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Twitter Censorship Government Social Networks The Media Politics

Venezuelan Regime Censoring Twitter 152

First time accepted submitter Saúl González D. writes "After two days of massive protests, the Venezuelan government has finally taken to censoring Twitter. Users of Venezuela's largest ISP CANTV, which is owned by the government, are reporting that either Twitter-embedded images will not load or that Twitter will fail to load at all. I am a user myself and can confirm that only Twitter is affected and that switching to the Tor browser solves the issue. As news of the protests are not televised, for most Venezuelans Twitter and Facebook are their only means of obtaining real-time information.
Despite a progressive worsening of civil and human rights, governments of the world have shied away from directly labeling Maduro a dictator or demanding the OAS' Democratic Charter be activated. Will open censorship be the tipping point?"
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Venezuelan Regime Censoring Twitter

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  • by AlphaWolf_HK ( 692722 ) on Saturday February 15, 2014 @07:04AM (#46253793)

    Once the government can start ceasing private assets "for the greater good," they can start taking away a lot more than just physical goods "for the greater good." People in that country are already emigrating en masse, it's only a matter of time until the iron curtain rises.

    And by the way, for anybody who still thinks that restricting imports through tariffs and other measures is a good idea for the sake of improving domestic job creation, you'll want to take a good solid look at Venezuela's recent history in the last few months where they've made it extremely difficult to buy foreign goods, and this:

    http://guardianlv.com/2014/02/... [guardianlv.com]

    When they say imports and domestic production rise and fall with one another, this is what they're talking about.

  • by Anonymous Coward on Saturday February 15, 2014 @07:22AM (#46253837)
    Stop bringing facts into this! Socialism is bad. The shareholders of a private company would be a much better place for those hundreds of billions of dollars, and you know it. The yacht & McMansion construction industry won't support itself, you know!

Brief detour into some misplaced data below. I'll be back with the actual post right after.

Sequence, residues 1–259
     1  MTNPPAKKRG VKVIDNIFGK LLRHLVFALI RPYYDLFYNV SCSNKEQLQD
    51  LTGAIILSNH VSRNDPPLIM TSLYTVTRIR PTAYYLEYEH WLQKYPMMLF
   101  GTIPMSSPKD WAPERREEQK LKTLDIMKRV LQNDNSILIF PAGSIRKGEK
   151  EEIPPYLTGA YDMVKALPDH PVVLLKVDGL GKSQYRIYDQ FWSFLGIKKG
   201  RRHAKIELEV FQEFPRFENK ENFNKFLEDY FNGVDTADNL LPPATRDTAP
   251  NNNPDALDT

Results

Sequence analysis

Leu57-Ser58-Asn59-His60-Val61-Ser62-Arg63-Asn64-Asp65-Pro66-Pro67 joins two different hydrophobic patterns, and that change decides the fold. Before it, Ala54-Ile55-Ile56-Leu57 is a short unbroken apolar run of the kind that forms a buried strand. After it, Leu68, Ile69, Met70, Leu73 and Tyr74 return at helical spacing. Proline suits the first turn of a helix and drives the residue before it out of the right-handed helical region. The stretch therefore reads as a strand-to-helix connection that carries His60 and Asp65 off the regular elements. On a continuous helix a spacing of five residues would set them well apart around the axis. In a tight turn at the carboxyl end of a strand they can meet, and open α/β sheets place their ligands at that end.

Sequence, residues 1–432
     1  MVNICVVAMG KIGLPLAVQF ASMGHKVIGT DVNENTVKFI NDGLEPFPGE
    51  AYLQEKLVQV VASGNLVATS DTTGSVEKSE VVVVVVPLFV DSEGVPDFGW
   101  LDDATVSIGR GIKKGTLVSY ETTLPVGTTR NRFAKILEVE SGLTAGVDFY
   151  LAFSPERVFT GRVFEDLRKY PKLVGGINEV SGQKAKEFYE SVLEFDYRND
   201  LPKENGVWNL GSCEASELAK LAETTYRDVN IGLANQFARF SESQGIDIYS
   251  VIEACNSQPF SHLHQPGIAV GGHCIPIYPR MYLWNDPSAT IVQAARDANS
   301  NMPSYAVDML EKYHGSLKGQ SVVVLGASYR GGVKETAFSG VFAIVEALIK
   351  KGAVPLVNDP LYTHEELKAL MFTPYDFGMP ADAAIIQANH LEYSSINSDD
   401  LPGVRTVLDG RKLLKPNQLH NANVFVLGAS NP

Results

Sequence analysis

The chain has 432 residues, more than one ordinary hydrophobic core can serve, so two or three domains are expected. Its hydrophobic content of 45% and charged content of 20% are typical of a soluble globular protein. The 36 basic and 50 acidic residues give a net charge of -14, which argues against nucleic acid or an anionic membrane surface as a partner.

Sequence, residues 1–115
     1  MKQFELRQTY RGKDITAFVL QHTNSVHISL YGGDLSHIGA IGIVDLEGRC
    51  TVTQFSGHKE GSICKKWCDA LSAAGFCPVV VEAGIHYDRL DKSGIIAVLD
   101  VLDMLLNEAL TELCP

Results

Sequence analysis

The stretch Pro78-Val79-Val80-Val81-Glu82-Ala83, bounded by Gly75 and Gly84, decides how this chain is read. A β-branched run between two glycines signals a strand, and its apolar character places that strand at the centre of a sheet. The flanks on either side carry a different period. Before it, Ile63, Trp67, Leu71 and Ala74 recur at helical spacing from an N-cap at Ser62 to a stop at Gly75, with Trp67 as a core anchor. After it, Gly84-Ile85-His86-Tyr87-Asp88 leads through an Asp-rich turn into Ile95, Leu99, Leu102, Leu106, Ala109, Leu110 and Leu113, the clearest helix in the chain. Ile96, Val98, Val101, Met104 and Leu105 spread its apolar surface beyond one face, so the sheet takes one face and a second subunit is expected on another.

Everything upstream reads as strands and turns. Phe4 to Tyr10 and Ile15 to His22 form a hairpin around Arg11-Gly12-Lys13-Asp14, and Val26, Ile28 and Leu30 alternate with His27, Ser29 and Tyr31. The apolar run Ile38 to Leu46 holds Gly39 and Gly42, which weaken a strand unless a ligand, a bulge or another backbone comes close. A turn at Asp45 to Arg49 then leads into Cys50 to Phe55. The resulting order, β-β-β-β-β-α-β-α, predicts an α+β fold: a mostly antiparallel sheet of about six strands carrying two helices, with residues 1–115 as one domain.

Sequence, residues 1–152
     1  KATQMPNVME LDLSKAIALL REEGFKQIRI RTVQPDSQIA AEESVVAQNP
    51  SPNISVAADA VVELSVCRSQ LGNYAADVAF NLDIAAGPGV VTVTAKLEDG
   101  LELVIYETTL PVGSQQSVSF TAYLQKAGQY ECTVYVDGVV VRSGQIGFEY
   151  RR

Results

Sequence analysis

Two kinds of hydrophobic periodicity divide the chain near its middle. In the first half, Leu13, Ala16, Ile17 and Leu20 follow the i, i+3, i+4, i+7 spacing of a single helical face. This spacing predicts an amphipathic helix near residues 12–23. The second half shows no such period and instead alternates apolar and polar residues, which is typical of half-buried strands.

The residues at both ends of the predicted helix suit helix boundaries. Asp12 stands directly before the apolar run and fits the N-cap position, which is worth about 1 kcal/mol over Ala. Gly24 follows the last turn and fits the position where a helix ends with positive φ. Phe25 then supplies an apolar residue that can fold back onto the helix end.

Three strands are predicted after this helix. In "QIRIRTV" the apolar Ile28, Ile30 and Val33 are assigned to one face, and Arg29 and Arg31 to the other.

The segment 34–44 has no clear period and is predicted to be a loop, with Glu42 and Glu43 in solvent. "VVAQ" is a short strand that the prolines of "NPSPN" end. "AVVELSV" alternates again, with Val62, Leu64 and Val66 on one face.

• by Kilobug ( 213978 ) <le-mig_g@epiEEEta.fr minus threevowels> on Saturday February 15, 2014 @08:59AM (#46253993)

    First, it is not "massive protests", it's the typical (for Venezuela since 1999) protest of the wealthy minority opposing the Bolivarian Revolution, despite dozens of electoral victories of PSUV and allies (ratified by various international observers). And it is violent protests, like when Capriles contested the elections of Maduro, in both cases there has been PSUV supporters _killed_ by the opposition. The opposition also assaulted public building, like Chacao municipality or Caracas metro system (this time), or schools and hospitals (when Maduro was elected).

    On the broader picture, the opposition isn't at its first violent attempt to oppose the democratically elected government. For those who don't remember it, in 2002, the same opposition did a military coup attempt, in which Pedro Carmona (the leader of business federation) briefly took power, suspended the Constitution and constitutional guarantees, dissolved the Parliament and the Supreme Court, imposed martial law, closed the public TV station and many independent local TV channels (like Catia TV). Capriles, the current leader of the opposition in Venezuela, was personally involved in supporting the coup, including in a violent assault against the Cuban embassy in Caracas.

    Those protests aren't done by "students", they are done by a rich elite refusing to lose their privilege, and not stopping at any means (including violence, murder, and military coups) to undermine a legitmately elected and always re-elected government. They are fascists, as shown by how they behaved (suspending all constitutional guarantees and dissolving all democratic institutions) when they briefly took power in 2002.